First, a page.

Re: Indic Devanagari Query

From: John Cowan (
Date: Wed Jan 29 2003 - 07:13:56 EST

  • Next message: Michael Everson: "Re: Indic Devanagari Query"

    Keyur Shroff scripsit:

    > Sentiments are attached with cultures which may vary from one geographical
    > area to another. So when one of the many languages falling under the same
    > script dominate the entire encoding for the script, then other group of
    > people may feel that their language has not been represented properly in
    > the encoding.

    Indeed, they may have such beliefs, but those beliefs are based on two
    incorrect notions: that what the charts show is normative, and that the
    codepoint is the proper unit of processing.

    > In Unicode many characters have been given codepoints regardless of the
    > fact that the same character could have been rendered through some compose
    > mechanism.

    In every case this was done for backward compatibility with existing
    encodings. No new codepoints of this type will be added in future.

    > That is why the text should be normalized to either pre-composed or
    > de-composed character sequence before going for further processing in
    > operations like searching and sorting.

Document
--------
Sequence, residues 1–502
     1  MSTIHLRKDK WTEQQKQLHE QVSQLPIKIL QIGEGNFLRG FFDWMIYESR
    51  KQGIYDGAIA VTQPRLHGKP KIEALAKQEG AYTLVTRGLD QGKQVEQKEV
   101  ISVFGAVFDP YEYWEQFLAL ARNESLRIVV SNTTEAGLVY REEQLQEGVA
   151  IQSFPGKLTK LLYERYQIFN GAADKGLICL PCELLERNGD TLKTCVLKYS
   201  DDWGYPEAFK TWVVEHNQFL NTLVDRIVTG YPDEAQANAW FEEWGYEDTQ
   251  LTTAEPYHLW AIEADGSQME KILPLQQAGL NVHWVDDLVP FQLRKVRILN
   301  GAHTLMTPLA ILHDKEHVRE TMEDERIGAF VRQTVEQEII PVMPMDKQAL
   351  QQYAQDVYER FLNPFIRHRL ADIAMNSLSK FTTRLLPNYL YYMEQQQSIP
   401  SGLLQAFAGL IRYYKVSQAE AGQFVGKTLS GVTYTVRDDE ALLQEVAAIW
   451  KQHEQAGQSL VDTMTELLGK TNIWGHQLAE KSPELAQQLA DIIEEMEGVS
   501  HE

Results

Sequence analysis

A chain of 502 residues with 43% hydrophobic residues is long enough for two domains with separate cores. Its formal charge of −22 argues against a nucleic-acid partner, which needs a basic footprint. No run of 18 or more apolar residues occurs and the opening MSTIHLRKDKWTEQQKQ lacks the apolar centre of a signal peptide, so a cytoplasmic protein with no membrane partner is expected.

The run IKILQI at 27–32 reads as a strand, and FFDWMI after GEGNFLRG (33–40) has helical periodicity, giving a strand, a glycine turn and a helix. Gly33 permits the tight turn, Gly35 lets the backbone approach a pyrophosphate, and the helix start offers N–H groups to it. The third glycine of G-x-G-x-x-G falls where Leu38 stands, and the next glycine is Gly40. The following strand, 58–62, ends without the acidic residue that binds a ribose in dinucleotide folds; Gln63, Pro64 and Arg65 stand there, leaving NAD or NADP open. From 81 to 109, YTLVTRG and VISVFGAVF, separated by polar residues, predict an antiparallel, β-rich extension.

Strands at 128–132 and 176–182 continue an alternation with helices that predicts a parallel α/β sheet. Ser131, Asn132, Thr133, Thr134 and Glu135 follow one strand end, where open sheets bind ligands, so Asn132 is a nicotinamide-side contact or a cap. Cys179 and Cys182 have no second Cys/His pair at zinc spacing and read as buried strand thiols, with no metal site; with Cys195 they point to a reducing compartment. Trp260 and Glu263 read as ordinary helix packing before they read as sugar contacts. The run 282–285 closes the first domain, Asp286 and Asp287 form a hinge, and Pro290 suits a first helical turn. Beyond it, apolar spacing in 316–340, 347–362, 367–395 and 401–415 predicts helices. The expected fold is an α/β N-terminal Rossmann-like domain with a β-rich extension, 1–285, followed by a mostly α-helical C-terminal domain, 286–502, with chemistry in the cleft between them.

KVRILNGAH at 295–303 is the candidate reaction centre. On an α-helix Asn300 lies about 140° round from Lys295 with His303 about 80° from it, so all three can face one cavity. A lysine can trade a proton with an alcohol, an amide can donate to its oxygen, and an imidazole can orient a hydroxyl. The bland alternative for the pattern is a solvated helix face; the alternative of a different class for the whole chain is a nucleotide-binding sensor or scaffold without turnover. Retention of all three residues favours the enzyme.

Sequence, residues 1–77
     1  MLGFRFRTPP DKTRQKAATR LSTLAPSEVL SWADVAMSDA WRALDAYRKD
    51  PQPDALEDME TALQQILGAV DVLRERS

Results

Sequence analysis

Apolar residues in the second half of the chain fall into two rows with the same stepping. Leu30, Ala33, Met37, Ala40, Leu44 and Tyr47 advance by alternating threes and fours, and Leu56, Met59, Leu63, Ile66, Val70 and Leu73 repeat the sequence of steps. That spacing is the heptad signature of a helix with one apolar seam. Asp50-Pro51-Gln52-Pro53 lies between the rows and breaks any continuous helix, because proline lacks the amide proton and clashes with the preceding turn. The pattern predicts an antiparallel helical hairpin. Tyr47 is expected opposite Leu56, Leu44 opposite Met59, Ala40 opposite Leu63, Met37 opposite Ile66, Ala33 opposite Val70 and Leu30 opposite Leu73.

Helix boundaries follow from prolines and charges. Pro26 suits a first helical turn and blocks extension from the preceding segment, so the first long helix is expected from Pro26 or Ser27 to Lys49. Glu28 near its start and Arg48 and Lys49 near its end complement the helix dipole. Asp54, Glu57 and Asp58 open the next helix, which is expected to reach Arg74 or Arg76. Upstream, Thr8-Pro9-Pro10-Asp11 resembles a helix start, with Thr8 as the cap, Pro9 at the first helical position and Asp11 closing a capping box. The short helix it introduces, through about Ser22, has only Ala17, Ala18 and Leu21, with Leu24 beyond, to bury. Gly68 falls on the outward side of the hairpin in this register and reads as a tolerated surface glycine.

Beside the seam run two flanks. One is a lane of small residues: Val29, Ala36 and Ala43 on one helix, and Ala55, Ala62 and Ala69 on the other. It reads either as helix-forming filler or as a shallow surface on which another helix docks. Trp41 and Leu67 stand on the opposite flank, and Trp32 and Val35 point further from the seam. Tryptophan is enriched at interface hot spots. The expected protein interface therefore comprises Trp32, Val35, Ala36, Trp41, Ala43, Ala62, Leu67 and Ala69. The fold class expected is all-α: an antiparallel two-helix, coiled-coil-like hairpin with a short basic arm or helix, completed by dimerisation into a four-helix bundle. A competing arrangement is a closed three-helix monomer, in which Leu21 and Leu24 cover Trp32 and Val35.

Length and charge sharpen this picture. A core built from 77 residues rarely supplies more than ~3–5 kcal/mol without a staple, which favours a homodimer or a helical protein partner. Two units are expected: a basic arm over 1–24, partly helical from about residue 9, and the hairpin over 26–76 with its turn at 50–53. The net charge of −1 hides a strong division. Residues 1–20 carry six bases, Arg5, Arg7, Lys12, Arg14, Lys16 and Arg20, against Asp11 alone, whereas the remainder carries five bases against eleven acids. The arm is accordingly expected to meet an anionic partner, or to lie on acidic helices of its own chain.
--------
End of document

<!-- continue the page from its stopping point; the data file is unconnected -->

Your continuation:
The collation algorithm makes allowance for these points.
    It will be quite typical to tailor the algorithm to take language-specific
    rules into account.

    > Also, many times processing of text depends on the smallest addressable
    > unit of that language. Again as discussed in earlier e-mails this may vary
    > from one language to another in the same script. Consider a case when a
    > language processor/application wants to count the number of characters in
    > some text in order to find number of keystrokes required to input the text.

    This will not work without knowledge of the keyboard layout in any case.
    To enter Latin-1 characters on the Windows U.S. keyboard requires 5 keystrokes,
    but they are represented by one or two Unicode characters.

    Henry S. Thompson said, / "Syntactic, structural,               John Cowan
    Value constraints we / Express on the fly."
    Simon St. Laurent: "Your / Incomprehensible
    Abracadabralike / schemas must die!"  

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